“Five years ago, Boise was struggling,” says Crabbs. Local leaders were bemoaning the fact that other small cities were gaining reputations as entrepreneurial havens. So in 2014, he and about 20 key area players met to determine what Boise should do to become the next Austin, Seattle or Portland for business owners. They settled on two major goals: broadening the talent pipeline and increasing access to capital — and local institutions began to borrow tactics from those in other cities.

This sounds exactly like the economic problems the Roanoke and New River valleys — concerns that our local talent pool isn’t deep enough (that partnership report says we don’t have enough college graduates at a time when that’s what the economy is demanding) and that we don’t have enough venture capital to fund new companies.

Inc. goes on: “That same year, Boise State University, which was already working on doubling its number of computer science graduates, opened Venture College, which teaches classes in entrepreneurship, arranges internships at local startups, and hosts an on-campus incubator.”

Again, uncanny similarities: Virginia Tech is in the process of growing its computer science programs in response to Amazon’s decision to locate in Arlington, but local governments hope some of those graduates will wind up staying here, instead.

Now, no community ever is a perfect match. Inc. makes it sound as if Boise was an overnight sensation. In reality, the city’s tech roots go back to 1973 when Hewlett Packard opened an operation there because one of the executives making the decision liked the outdoors.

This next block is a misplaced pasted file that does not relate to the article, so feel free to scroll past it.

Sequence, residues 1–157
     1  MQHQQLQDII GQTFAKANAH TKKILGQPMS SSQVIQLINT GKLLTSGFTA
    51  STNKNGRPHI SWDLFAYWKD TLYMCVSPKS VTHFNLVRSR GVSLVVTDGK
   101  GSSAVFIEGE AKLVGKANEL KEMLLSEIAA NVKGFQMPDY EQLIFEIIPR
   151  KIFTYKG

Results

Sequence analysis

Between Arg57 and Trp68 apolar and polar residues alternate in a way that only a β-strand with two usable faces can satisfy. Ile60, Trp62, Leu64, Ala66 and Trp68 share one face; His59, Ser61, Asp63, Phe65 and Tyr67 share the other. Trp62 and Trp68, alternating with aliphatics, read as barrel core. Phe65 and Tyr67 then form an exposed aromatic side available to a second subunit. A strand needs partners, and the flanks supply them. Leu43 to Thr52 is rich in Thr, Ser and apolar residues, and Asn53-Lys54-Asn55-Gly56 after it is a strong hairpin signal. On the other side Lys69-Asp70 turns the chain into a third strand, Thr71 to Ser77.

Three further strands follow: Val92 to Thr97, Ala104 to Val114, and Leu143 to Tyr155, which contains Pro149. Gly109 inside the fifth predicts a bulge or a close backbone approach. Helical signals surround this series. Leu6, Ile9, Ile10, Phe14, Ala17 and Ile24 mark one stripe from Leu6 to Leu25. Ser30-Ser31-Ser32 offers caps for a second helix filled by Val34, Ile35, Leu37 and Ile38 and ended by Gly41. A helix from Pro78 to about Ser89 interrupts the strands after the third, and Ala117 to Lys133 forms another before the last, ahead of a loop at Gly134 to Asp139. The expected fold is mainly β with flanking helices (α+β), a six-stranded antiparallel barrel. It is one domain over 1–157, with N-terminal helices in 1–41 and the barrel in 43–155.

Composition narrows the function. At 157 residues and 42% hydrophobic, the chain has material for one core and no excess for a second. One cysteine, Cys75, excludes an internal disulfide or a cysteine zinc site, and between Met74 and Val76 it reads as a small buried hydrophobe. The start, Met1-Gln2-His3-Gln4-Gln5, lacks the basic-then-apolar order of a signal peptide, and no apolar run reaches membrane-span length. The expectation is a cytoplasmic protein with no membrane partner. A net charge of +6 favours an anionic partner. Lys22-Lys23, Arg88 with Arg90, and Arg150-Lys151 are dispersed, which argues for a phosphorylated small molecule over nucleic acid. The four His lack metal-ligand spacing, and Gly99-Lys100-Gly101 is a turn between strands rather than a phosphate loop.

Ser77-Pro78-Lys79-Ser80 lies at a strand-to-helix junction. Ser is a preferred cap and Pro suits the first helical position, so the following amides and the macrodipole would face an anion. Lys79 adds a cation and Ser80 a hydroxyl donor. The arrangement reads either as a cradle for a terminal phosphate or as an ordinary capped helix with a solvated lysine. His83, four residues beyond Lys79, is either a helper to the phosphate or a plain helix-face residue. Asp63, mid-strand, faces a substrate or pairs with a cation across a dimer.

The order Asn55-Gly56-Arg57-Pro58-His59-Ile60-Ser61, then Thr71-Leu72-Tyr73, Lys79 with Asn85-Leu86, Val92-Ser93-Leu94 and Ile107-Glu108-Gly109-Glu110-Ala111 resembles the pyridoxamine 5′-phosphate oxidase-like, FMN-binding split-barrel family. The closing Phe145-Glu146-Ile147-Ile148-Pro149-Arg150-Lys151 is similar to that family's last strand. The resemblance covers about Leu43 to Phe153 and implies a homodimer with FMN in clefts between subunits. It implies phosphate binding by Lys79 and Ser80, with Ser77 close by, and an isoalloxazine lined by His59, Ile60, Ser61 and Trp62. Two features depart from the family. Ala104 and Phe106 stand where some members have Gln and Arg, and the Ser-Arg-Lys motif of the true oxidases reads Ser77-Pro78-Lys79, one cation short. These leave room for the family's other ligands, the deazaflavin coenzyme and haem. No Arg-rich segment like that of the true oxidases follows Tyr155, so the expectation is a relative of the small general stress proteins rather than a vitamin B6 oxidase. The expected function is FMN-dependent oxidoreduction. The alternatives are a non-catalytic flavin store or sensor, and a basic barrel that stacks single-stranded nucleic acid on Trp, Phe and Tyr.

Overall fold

“HP’s presence in Boise would help launch a tech industry that now accounts for more than 11 percent of the valley’s work force,” says the Idaho Statesman newspaper. Meanwhile, a report this past year by the Brookings Institution is far less glowing about Boise’s economy than Inc. magazine is.

That report warns Boise might already have maxed out: “The synergies that drove Boise’s growth over the past 40 years are no longer sufficient for the region’s economy to compete globally.”

Even that warning is useful to us because it contains this observation that can be applied here: “The education system in Idaho hasn’t kept up with the human capital demands of local industry, forcing companies to expand elsewhere.”

Put another way, Idaho doesn’t produce enough college graduates to meet the demands of Boise’s tech industries, forcing them to expand elsewhere. Again, this sounds like our problem, too.

Another Virginia connection: One of those Boise companies expanding elsewhere is Micron, which in 2018 decided to locate its new computer chip plant — and its 1,100 jobs averaging $92,000 per year — in Manassas.

So what can we learn from Boise? Probably a lot. Boise had some unique assets to build on — that Hewlett Packard ecosystem — but its recent growth as a startup capital didn’t happen by accident. Certain policy decisions — in both the public and private sectors — drove its economic growth.

Those are ones we can emulate if we, too, want more economic growth. Some of that intentionality already is happening: Business groups have started doing more to persuade local college graduates to stay.

There are attempts to grow venture capital in the region. We now have a business accelerator intended to jump-start young companies into faster growth. The question Boise raises for us is: Are we doing enough? That question probably answers itself.

Adapted from The Roanoke Times